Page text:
I was thinking of calling this review “Germans are wankers”, but Rilke wasn’t a German, he only wrote in it. And then I remembered I’ve read half a dozen books in the last twelve months translated from German (by Mann, Bernhard, Walser, Schlink, Süskind, Goethe), and had to admit a certain fondness for them. Thomas Bernhard in particular, whose Extinction I consider one of the greatest books I’ve ever read; but whom like Rilke wasn’t German. An Austrian, in fact, which in Obama-world meant he technically wrote in Austrian, I suppose. Although he hated Austria. Bernhard, not Obama. I don’t know what the smartest guy in the room thought about anything. So I scotched the ‘wanker’ headline. But a small part of me wants to keep it. Here’s why.
I read Goethe’s The Sorrows of Young Werther last year, a book whose protagonist needs a sound hiding if ever one did. Instead, readers are presented characters who tolerate a self-centred half-wit who, after falling in love with another man’s wife, falls into a deep funk that spirals ever downward. At least it’s a short book, and the titular Werther’s poetic meanderings are mercifully abbreviated. Which is more than I can say for Mann’s The Magic Mountain. Are Germans bereft of compassion? Seven-hundred pages of the brain-addled Hans Castorp in a sanatorium in Davos, of all places (although we can’t hold the asinine meetings held there these days against Mr. Mann), is more than a slog. Interestingly, I look back on my days with TMM with something approaching love. Perhaps it’s Stockholm syndrome. And then there’s Mr. Bernhard, who believes paragraphs are redundant. Extinction, if memory serves, has two (one for each of the two parts that comprise it). And yet I was over the moon about it.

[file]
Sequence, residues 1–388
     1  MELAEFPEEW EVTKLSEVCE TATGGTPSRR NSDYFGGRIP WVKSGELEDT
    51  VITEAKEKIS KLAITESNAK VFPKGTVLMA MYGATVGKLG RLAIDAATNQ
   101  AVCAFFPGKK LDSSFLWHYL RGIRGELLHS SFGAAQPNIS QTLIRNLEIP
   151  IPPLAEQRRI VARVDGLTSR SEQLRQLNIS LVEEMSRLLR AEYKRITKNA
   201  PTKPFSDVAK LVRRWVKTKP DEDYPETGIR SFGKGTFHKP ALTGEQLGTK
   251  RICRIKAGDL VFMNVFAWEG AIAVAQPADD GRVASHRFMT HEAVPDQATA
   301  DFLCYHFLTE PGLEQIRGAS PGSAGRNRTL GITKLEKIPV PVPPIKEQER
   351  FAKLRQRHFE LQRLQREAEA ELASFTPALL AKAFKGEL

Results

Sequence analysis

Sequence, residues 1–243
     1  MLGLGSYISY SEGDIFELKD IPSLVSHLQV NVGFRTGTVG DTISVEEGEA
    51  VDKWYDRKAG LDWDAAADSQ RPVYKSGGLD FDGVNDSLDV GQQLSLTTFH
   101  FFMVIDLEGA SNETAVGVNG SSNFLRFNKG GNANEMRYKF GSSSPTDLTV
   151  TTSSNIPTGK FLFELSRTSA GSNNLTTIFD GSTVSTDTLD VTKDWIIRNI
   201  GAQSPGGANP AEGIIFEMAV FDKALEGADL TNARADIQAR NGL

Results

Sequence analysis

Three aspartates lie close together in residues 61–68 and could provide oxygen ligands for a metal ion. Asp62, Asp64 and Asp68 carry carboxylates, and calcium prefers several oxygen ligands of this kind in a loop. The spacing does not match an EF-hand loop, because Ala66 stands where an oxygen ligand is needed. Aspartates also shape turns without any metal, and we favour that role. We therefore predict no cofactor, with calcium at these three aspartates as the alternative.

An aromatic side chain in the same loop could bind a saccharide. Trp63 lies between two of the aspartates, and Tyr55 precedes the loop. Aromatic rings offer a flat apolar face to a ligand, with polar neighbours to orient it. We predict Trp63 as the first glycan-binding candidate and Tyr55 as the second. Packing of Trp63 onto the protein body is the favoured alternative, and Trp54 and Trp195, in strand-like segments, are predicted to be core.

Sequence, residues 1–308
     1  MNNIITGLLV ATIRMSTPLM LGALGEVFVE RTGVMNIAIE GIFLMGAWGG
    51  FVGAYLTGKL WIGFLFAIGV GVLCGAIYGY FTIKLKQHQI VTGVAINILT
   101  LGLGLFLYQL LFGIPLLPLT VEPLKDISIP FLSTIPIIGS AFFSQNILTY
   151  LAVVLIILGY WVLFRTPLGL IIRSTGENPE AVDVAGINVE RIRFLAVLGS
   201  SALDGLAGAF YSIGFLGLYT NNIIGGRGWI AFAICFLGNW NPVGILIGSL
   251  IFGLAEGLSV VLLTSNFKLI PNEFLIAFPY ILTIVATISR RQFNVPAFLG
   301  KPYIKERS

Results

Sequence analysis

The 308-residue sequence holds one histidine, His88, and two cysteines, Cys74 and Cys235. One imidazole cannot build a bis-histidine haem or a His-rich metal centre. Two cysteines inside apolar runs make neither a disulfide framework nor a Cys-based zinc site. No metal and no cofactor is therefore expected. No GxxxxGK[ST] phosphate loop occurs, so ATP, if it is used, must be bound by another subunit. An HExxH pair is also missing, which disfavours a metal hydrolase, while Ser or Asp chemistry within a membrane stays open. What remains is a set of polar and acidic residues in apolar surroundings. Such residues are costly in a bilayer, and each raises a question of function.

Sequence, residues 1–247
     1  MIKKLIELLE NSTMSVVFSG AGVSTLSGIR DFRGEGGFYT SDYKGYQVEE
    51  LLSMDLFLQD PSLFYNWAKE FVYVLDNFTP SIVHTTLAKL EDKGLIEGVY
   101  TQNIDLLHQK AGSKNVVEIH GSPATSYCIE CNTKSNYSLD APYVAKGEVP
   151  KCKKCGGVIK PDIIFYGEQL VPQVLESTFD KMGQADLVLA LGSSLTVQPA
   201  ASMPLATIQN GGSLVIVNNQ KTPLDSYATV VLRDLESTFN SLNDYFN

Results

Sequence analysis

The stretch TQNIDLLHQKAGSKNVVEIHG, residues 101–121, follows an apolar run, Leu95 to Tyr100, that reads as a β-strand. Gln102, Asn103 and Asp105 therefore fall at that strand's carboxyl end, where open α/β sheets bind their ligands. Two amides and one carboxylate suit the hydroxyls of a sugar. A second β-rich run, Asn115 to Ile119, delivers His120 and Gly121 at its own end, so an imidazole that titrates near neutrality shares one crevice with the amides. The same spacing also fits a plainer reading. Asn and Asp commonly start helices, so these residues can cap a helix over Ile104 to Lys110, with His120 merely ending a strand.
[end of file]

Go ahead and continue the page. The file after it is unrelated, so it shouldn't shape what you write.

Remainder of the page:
So I knew what I was getting into with Rilke. Especially when the blurb noted the book was “too original to be classified under any fixed genre.” Obviously code for “not suitable for anyone suspicious of hipsters and 62 genders.” And to be honest, it’s not. I mean, not suitable for anyone with common sense and a healthy scepticism for all that is trendy and trite. But somehow, I came away thinking it wasn’t as bad on the whole as the parts made it out to be. For a book that eschews plot like Bill Clinton eschews consent, and is not much more than a long ramble through the mind of a pretentious poet in Paris – thus making all other German writers look positively conventional – it held my attention. In part, I think, because of the writing. It’s not easy going, but after a while you sense a rhythm to Rilke's madness (and it is madness) and a kind of calm settles over you. And you just keep on plodding along until the end.